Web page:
Tuesday, December 29, 2009

Picks For 2009...

Monday, December 28, 2009

Hiromi Uehara

Thursday, December 24, 2009

Jerry & Bobby Christmas

Sunday, December 20, 2009

12.18.09 Video for Breakfast

Here is the full video for the Breakfast's Harper Ferry show in MA:

12.18.09 Breakfast.

Tuesday, December 15, 2009

Summer Camp Announcements

May 29th, 30th, 31st

moe. (3 days)

Umphrey's McGee (3 days)

1. Brainchild

2. Kinetix

3. Yonder Mountain String Band

4. Ragbirds

5. Backyard Tire Fire

6. Family Groove Company

7. Keller Williams

8. The Avett Brothers

9. Cornmeal

10. EOTO

11. Gov't Mule

12. Bassnectar


Tuesday, December 8, 2009

A Few Picks...

An NPR Story titled "Meeting the Monks" w/ Al from moe.

Willie Waldman Project

The Breakfast

Here are a few Breafast sets that I groundscored from the Breakfast Archive:


Monday, December 7, 2009

Medeski, Scofield, Martin & Wood 7.5.07

The Breakfast w/ Steve Molitz


Larry McCray

If you don't know about him; you should. This cat is a total beast.

Sunday, November 29, 2009

Garaj Mahal 6.21.08

Thursday, November 19, 2009

Heady Medeski

Tuesday, November 17, 2009

Sexfist Wins Chicago Bluegrass & Blues Contest!

November 16, 2009.

Chicago, IL. The Chicago Bluegrass and Blues Festival’s Last Banjo Standing tallied over 20,000 votes from Midwest music fans in the last month, yet a mere 7 votes separated 1st and 2nd place when voting ended at midnight on 11/16. Two bands earned it, so, two winners were crowned, as the Festival announced that both Sexfist and Great Divide will appear on the main stage with Bela Fleck & The Fleckstones, Dr. Dog and the Emmitt-Nershi Band this 12/12.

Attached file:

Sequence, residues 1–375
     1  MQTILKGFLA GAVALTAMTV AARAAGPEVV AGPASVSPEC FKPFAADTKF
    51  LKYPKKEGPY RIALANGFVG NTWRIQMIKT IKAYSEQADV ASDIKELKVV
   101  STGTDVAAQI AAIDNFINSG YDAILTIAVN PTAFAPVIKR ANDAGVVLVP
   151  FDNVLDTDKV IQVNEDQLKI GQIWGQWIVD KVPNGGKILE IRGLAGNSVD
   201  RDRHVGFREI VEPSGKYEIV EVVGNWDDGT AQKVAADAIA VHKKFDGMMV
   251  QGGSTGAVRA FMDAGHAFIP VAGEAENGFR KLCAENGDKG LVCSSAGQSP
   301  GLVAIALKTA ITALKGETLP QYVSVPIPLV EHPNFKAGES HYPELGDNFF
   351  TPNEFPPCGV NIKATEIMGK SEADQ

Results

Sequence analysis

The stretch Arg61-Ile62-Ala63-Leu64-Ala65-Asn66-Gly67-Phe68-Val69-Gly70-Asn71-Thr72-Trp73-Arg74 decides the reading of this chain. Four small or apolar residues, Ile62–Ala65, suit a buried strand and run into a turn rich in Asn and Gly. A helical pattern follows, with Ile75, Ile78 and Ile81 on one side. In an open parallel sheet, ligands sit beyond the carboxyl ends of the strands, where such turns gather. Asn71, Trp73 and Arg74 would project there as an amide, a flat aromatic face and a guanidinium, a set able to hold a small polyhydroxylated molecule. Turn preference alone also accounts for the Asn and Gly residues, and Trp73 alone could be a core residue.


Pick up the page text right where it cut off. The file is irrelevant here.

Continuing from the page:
They’ll split the cash prize and share in the opportunity to repay their loyal followings with back-to-back sets to commence the day’s Main Stage lineup. Blues fusion extraordinaires Great Divide will kickoff the mainstage event, followed immediately by the hootenanny that is Sexfist. ADDED BONUS: Sexfist has invited its fans to enjoy “Break-Fist w/ Sexfist” while taking in the Great Divide set. More to come on what the boys will serve.

Sexfist, Chicago’s most politically incorrect band name, started as a duo in 2001 and has since become the five-man band spawned in May 2003. Often found under the moniker “The Henhouse Prowlers,” at clubs around the nation, Sexfist has found themselves comfortably alongside Cornmeal as one of Chicago’s two most popular bluegrass acts. On tour since 2004, you can find them every Tuesday night at the Red Line Tap and every second Thursday at Quencher’s Saloon.

Source: www.cbbfestival.com/blog

Sexfist Live at Schubas on 1.21.09

SexfistSexfist Live at West Fest on 7.12.09

Congratulations to Sexfist! It's great to see one of our favorite bands earn an oppurtunity like this.

- J-man

Molitz, Logic, Freekbass Project